• Obviously thats not to dismiss charity connected with the events, just that it should not overshadow and dominate the event.
  • If I amble around the FLM at half the speed of Khannouchi does that mean that I shouldn't enter? Even if I wear shorts and a vest and train to the best of my ability?

    Agree that dogs, walkers etc. should be encouraged to start at the back but the organisers should decide who they want to allow to participate and organise the start accordingly.
  • Moe, you got a point, although, on my opinion, big events are like big party times. You go there just to enjoy the atmosphere and pay a bit more than you do in other races. They are not ours any more, just like a small family business, once gets bigger, is not family business any more.

    Having said that, i have also seen a lot of more entries on small club events, which maybe is a result of big events being overcrowded.
  • DB, i wish i could run half of Kanouchi's speed
  • I suppose nobody would really get in the way of anyone else if only everyone would be realistic about where they stand on the start areas and then anyone (and their dog maybe?) would be welcome!, is that ever going to happen?............... I doubt it.

    At GSR I started about the middle of the purple area (midway) and was still passing Grey and white (back of field) numbers at 4 miles! What is the point of the organisers going to the trouble of using the system if no bu***rs going to use it!!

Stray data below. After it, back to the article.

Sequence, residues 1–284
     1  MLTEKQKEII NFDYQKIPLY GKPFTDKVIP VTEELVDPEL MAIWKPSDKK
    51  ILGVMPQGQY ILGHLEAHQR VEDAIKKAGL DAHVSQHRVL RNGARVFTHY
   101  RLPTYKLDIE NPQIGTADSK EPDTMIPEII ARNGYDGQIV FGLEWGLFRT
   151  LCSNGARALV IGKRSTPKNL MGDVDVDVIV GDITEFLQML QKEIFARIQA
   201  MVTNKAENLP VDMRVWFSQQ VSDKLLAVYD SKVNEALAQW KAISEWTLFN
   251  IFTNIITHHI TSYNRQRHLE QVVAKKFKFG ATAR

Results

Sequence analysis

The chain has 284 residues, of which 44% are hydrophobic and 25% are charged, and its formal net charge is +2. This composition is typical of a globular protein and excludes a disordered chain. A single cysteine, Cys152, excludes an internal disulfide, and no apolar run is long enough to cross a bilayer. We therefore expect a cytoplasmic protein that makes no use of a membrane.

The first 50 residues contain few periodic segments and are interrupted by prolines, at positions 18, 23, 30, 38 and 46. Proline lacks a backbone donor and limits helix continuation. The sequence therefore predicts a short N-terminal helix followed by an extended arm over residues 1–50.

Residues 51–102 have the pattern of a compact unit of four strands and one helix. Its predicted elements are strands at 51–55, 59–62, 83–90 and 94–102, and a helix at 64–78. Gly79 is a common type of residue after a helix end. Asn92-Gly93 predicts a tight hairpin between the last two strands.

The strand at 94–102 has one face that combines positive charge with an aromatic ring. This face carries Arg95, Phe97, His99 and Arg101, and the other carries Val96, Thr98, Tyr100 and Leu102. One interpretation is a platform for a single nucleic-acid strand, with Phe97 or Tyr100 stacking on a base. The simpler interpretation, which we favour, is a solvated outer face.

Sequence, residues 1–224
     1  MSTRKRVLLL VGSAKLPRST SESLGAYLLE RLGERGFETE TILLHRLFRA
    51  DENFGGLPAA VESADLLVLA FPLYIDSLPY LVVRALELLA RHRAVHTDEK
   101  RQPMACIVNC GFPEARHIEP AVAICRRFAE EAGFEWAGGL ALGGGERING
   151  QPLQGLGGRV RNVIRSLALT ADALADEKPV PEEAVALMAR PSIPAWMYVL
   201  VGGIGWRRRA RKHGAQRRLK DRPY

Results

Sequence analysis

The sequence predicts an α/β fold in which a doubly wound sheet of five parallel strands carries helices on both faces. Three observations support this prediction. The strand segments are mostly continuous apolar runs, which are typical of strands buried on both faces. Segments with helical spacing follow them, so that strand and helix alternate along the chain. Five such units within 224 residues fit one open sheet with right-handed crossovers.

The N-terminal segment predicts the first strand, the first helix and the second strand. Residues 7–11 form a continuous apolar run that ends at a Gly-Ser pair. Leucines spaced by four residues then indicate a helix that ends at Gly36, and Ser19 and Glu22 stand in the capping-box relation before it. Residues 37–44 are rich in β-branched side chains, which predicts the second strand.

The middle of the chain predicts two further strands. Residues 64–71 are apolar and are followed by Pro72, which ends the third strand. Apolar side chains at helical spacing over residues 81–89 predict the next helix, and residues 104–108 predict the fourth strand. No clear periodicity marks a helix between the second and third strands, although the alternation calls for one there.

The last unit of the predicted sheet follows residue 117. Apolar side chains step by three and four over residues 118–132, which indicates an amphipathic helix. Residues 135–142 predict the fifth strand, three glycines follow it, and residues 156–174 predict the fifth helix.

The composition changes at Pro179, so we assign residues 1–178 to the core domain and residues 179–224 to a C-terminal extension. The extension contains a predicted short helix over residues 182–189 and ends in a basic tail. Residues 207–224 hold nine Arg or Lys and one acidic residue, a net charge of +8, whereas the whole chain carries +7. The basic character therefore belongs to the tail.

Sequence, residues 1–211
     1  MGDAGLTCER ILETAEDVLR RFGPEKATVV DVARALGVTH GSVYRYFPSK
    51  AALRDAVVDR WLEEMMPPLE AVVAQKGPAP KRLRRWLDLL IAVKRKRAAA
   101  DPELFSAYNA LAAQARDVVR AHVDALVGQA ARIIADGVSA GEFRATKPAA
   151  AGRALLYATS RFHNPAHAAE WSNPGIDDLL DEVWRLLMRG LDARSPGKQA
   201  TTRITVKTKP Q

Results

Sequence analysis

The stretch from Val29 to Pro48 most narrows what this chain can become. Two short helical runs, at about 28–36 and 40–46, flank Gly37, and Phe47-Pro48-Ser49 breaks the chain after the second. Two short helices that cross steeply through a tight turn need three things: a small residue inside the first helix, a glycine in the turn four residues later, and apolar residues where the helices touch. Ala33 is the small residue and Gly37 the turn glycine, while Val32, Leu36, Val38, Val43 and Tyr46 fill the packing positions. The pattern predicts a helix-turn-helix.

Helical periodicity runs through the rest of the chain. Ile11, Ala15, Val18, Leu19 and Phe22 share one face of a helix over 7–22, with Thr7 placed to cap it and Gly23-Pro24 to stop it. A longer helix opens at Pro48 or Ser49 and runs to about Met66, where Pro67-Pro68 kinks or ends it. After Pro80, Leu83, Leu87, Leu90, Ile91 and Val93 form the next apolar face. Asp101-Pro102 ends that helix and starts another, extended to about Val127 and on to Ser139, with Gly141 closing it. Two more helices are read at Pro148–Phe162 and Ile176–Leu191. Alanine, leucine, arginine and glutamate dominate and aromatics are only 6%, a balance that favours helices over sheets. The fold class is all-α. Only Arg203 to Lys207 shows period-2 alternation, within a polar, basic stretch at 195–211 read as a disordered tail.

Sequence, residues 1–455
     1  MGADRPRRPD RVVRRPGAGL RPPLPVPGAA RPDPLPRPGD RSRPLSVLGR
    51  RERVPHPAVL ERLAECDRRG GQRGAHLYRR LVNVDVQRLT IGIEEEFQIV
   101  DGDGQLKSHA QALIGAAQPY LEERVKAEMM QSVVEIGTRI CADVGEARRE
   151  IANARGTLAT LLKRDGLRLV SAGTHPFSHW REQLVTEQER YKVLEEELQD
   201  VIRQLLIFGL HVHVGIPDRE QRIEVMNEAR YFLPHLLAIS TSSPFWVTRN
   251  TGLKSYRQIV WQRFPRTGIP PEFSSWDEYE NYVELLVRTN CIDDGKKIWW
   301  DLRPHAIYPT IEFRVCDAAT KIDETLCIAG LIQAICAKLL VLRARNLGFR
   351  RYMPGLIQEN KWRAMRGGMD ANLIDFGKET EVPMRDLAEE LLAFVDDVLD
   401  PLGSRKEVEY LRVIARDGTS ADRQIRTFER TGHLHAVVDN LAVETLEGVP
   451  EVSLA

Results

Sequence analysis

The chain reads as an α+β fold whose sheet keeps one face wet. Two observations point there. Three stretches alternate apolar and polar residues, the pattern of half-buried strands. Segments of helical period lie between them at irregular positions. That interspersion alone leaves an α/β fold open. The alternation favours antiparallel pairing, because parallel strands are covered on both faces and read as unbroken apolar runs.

Solution could be to police it and confiscate numbers standing too far forwards!!! (JOKING, honest!)
  • Agree with you on that Moe. I'm getting tempted to line up with the elite runners in future just so that I don't have to keep changing pace to get through the crowds. At Swansea Bay 10k it was impossible to get a decent rhythm going for the first 2k and I'd lined up next to an ambitious time!!!
  • I think the coloured numbers were essentially a good idea and the best way to sort it would be to get the congregated runners and sepectators going in a chorus of 'back, back, back!' at those too far forward. Admittedly that doesn't stop anyone putting down a way too optomistic time in the first place.
  • Hey all, I know they were with guys running but it stil amused me-my first half and my first ten I finished just behind runners with dogs (times were 1:47 and 1:12 by the way).
    It looked like the dogs wanted to go round again.
  • Moe

    I initially agreed with you on the dog thing - simply too dangerous for an event that isn't set up for it.

    But I totally fail to understand your attitude in relation to big events. The idea that big events are somehow "ours" instead of anyone elses is frankly ridiculous.